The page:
'Give' Gives Way as Word Usage Reflects Shift in Values
New research suggests our drift toward a more individualistic mindset can be traced back two centuries, as we began the transition from rural to urban living.
Remember those studies showing that books in recent decades have increasingly used words and phrases connoting self-absorption? Well, newly published research puts that troubling trend into a more comforting context.
An analysis by psychologist Patricia Greenfield of the University of California-Los Angeles finds this trend can be traced back at least 200 years. And rather than suggesting our moral failings, it reflects a changing set of attitudes and priorities as Americans (and Brits) left the farm for the city.
“The currently discussed rise in individualism is not something recent, but has been going on for centuries as we moved from a predominantly rural, low-tech society to a predominantly urban, high-tech society,” she said. “This research shows that there has been a two-century-long historical shift toward individualistic psychological functioning adapted to an urban environment.”
Where obligation, duty, and respect for authority serve people well in traditional rural environments, education, individualism, and materialism are better fits for urban living.
Greenfield’s basic theory is that the social environments of urban and rural areas are fundamentally different, and humans adapt to them by adopting different values. Where obligation, duty, and respect for authority serve people well in traditional rural environments, education, individualism, and materialism are better fits for urban living.
To discover whether our change in values moved in tandem with our change in environment, Greenfield analyzed the use of language in more than 1.1 million books published in the U.S. (and another 350,000 published in the U.K.) between the years 1800 and 2000. She used the Google Books Ngram viewer, the largest database of digitized books.
Greenfield searched for the frequency of certain tell-tale words, such as “obliged” (a key concept of interdependent societies) and “choose” (since the power to make personal choices is “a defining attribute of individualism”). She also tracked near-synonyms of the words to ensure their usage reflected “underlying concepts” rather than idiosyncratic meanings.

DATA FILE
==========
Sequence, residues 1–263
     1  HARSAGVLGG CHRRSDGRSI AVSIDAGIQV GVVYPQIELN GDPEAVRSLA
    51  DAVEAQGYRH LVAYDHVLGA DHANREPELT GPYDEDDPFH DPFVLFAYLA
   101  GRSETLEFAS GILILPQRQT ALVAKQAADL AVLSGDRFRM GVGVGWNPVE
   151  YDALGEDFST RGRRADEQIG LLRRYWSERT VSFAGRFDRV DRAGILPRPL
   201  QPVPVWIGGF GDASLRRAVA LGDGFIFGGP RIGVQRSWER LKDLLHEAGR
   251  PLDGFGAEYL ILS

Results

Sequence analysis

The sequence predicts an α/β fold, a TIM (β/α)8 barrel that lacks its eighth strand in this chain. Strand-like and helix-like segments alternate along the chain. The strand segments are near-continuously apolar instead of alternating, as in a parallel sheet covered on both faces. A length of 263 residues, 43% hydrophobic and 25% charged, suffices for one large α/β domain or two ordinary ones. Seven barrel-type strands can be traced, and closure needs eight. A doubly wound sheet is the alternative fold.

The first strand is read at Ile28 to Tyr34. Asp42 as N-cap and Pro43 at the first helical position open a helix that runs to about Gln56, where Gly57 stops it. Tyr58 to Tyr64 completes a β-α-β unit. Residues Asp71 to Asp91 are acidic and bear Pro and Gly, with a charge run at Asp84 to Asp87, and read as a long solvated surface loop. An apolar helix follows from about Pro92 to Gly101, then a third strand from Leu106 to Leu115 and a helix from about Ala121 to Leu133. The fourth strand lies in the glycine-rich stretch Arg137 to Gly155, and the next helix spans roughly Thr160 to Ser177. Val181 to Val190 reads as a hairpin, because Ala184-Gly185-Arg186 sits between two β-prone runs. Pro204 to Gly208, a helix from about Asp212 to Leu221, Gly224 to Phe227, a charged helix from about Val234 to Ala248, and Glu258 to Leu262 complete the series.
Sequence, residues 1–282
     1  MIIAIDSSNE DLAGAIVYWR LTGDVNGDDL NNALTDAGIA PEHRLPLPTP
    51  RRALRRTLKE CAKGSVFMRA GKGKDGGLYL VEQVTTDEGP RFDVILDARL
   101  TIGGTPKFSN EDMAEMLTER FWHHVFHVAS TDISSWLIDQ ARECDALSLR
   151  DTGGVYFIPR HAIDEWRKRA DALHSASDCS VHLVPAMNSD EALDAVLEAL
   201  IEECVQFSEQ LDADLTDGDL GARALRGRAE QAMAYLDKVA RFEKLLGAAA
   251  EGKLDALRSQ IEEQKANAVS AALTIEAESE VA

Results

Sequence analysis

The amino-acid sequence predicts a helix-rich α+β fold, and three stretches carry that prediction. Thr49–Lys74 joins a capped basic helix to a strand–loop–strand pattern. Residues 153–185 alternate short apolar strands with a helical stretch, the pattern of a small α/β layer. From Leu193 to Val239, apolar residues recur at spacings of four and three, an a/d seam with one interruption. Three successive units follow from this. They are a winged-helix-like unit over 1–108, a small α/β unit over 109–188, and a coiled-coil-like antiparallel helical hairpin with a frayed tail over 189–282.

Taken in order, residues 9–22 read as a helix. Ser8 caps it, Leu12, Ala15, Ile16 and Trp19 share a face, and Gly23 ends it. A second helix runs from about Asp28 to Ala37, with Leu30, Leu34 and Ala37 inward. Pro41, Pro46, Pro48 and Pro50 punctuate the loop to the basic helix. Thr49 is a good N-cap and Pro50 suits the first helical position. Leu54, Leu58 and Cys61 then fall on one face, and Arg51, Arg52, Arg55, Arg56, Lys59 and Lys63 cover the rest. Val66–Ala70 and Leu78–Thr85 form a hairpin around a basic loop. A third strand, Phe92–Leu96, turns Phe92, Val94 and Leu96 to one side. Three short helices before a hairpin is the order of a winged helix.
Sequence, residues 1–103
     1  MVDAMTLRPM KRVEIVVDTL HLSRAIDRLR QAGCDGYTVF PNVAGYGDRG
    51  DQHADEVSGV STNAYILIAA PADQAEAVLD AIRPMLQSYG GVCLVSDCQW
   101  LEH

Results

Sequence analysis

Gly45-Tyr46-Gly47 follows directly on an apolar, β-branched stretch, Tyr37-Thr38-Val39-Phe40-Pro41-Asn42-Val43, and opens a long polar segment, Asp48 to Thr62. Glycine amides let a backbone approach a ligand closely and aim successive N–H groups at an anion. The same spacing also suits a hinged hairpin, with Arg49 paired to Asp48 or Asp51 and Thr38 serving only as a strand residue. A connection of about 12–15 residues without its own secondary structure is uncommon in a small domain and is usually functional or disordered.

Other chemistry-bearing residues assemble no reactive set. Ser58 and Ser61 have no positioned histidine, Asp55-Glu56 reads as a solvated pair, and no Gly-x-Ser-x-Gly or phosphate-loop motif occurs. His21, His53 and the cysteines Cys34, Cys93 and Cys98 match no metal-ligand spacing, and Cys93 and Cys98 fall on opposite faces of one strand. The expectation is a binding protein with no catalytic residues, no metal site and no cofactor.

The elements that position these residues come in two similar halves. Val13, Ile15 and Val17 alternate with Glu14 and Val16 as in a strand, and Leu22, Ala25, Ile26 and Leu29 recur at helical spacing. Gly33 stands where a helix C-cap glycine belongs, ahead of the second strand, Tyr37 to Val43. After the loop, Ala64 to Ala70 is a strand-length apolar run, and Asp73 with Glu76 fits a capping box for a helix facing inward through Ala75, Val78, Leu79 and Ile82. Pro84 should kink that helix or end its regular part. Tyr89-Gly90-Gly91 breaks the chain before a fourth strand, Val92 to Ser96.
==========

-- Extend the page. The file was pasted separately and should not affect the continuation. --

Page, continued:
Writing in the journal Psychological Science, she reports usage of these words did indeed rise or fall “as urban population increased and rural population declined.” The use of the word “obliged” steadily declined from 1800 to 2000, as use of the word “choose” gradually increased. (“Choose” passed “obliged” in the early 1920s.)
She found a similar pattern for the words “give” and “get.” While “give” began the 19th century with a huge head start, “get” caught up around World War II, and the two were neck and neck until the 1970s, when “get” forged ahead, never to look back.
Use of the words “individual,” “self,” and “unique” all steadily rose over the course of the two centuries, while “obedience,” “authority,” “belong,” and “pray” all gradually declined. The use of the words “feel” and “emotion” also increased, reflecting “the growing importance of psychological expression,” she writes.
Greenfield does not see this as evidence of our ethical decline, but rather an entirely logical shift that reflected the realities of our new environments. In her view, a mindset that values “choice, obtaining things for oneself, child-centeredness, psychological mindedness, and the unique, individual self” is one that is more likely to thrive in an urban area.
So, yes, the language we use (at least in our books) suggests we’ve become more self-oriented. But let’s put the scolding on hold. Greenfield’s analysis suggests this shift has been going on a long, long time, and reflects a practical reorienting of our priorities to fit our environment.